Feb 14, 1749. At Leadhills in Scotland when the people were so frightened that they left their houses.
Aug 23, 1750. A smart shock in Nottinghamshire.
Sept 30, 1750. In Northamptonshire, Lincolnshire, Leicester and Derby. At Kelmarsh an old woman was thrown out of her chair and people ran out of the church. At Barton Overy, a child was shaken out of a chair into the fire. According to the General Advertiser:
The letters which give accounts of the late earthquakes felt in Lincolnshire in the latter end of last month seem to confirm the notion advanced of rains falling after very hot weather being the nearest cause of them and that they are immediately occasioned a real ‘convulsion in the bowels of the earth‘.
Feb 8, 1750.
In London and Westminster and many of the adjacent towns and villages. The gentlemen of the long robe in Westminster Hall were so alarmed, that they expected the building to fall, several chimnies and part of a house were thrown down.
March 8, 1750.
Another quake, still more violent than the former, was felt in London and its environs. The people ran from their houses and beds almost naked. A maid servant in Charter-House square was thrown out of bed by the shock and broke her arm. A lady in Piccadilly, a curios collector of old china which she piled in stands, had it thrown down and broken.
So strong an impression did the two shocks of the earthquake that they were felt at London on the 8th of February and 8th of March, 1750, make on the credulous in that populous city, that a life-guardsman having predicted another and more fatal one on the 5th of April, an incredible number of people left their houses and walked in the fields or lay in boats that night. Many people of fashion sat in their coaches in the neighbouring villages till day break. Others went to a greater distance, so that the roads were never more thronged and lodgings were hardly to be procured at Windsor.
April 2, 1750. At Liverpool and the country adjacent, for about 40 miles N. and S. and thirty leagues E. and W.
Gazetteer and London Daily Advertiser, Tuesday, January 13, 1756:
On Wednesday, December 31, 1755 betwixt one and two o’clock in the morning, a small shock of an earthquake was felt at Greenock and several places in that neighbourhood, as well as at Dumbarton, Inchinnan and Glasgow; the truth of this, as it seems confirmed by the concurring reports of numbers of people in all those places, we cannot doubt of.
Extract of a letter from the parish of Kilmacolm (about ten miles west of Glasgow), dated Jan 1.
Yesterday about one o’clock in the morning, being awake in bed, I felt about seven or eight shocks of an earthquake, all succeeding one another. The whole shocks were over in the space of half a minute. The second shock was the greatest and so violent, that it fairly lifted me off the bed, jolted me to the head of it, and in a moment down again to where I lay before. I believe three or four such shocks would have laid this house (tho’ a very strong one) in ruins. The second shock jostled a large chest with such violent along the side of the wall in another room, that it wakened a gentleman who was sleeping there.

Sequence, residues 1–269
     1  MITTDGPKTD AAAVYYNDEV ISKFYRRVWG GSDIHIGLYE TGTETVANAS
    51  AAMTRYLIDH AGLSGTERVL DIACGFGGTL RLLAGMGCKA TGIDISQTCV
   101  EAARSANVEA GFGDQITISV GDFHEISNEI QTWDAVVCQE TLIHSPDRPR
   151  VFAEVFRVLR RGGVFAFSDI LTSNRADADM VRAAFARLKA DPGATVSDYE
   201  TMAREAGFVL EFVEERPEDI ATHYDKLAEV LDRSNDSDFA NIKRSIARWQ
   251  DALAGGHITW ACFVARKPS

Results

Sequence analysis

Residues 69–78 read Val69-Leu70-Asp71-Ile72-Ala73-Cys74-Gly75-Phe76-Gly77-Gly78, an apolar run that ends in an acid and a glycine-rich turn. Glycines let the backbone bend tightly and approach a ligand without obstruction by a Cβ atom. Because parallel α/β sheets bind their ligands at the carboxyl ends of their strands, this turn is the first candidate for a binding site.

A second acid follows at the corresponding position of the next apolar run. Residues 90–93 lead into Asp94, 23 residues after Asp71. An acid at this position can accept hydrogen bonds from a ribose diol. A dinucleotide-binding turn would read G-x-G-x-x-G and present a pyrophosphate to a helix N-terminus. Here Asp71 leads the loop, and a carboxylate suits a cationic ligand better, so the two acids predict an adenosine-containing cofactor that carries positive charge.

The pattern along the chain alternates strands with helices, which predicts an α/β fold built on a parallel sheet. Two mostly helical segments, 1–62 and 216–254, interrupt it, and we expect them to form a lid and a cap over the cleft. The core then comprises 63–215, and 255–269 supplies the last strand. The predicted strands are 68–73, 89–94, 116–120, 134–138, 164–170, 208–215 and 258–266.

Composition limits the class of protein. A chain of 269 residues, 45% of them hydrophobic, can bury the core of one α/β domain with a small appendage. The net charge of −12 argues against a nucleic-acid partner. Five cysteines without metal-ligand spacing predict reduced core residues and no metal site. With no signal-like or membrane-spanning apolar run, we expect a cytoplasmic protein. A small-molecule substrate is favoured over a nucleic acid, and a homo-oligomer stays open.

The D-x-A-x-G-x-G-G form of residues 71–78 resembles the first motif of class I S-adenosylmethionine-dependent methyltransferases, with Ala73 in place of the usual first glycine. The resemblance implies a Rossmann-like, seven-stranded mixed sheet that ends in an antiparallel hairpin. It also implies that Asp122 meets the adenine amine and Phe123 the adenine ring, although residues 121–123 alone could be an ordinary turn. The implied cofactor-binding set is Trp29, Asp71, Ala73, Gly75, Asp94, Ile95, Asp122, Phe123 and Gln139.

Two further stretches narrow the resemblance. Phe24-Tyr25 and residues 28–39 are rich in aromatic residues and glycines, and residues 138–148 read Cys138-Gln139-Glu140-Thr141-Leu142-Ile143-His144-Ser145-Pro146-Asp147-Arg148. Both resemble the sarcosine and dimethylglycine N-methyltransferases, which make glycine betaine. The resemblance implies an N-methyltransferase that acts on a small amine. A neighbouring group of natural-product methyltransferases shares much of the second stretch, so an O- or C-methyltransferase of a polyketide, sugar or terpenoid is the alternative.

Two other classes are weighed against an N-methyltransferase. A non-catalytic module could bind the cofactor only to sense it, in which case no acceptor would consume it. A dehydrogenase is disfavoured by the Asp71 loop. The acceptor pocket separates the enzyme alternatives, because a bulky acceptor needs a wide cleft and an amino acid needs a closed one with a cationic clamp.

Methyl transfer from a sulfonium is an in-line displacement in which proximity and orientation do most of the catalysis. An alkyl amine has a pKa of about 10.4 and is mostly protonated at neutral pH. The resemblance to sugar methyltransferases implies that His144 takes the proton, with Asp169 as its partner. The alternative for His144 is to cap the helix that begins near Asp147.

Extract from a letter by someone living at Sandwich, Kent, February 18 1756, was reported in the Public Advertiser of February 27, 1756 which stated that:
… a shock of an earthquake was perceived in this town about a quarter before eight this morning it was just heard, that it was slightly felt by two or three persons at Margate. Its direction seem’d to be East or West.
June 8, 1753. At Manchester, and several other places in the North West of England.
April 19, 1754. In several parts of Yorkshire.
July 31, 1755. In Northamptonshire and Lincolnshire. At Frodingham it shook the walls of several houses so much, that most of them fell.
Nov 1, 1755.
The dreadful earthquake at Lisbon happened, by which above 70,000 persons lost their lives. On the 3rd of this month a violent agitation was perceived on the sea shore in many parts of England. And on the 5th of the month the tide was so high in the river Carron, in Scotland, that it overflowed its banks and broke down a dam-head which had never before given way in the memory of man.
June 24, 1756. At Ashford in Kent and neighbouring villages.
Nov 18, 1756. in Argyleshire and Rothesay.
Jan 11 1757. At Norwich and Yarmouth.
June 9, 1761. In Somersetshire and Dorsetshire
According to a letter dated May 21, 1768 from Newcastle sent to Lloyd’s Evening Post:
On Sunday afternoon last, a little after four o’clock, two slight shocks of an earthquake at about half a minute’s distance of time from each other, were felt in this town, and we have accounts of their being felt, at the same time, in different parts of the country; particular at Kendal, where they had one shock which lasted nearly two seconds and happened during the time of a divine service, which greatly terrified the people in church. At Middleton, near Lancaster it was also felt at the same time.
And finally, this would have been quite a shocker!!
The Middlesex Journal or Chronicle of Liberty, January 9, 1772
A Welsh lady, not far from Abingdon Buildings, on Monday morning was so much alarmed at what she thought an earthquake, that she jumped out of bed, flew downstairs, ran across the street and knocked at a neighbour’s door, with her shirt on only, which she tacked around her waist in fright.
Header image: Vue de la Ville de Regio dil Messinae et ces alentour detruite par le terrible tremblement de Terre arrivée le Cinq Fevrier de l’annee 1783, Gallica – Bibliothèque nationale de France
Our book An Infamous Mistress: The Life, Loves and Family of the Celebrated Grace Dalrymple Elliott is now available in the USA and to mark this we are delighted to have been invited back by the wonderful Geri Walton whose book Marie Antoinette’s Confidante: The Rise and Fall of the Princesse de Lamballe is due to be published later this year, again by Pen and Sword, but which is already available to pre-order, to write another guest blog on her fascinating website.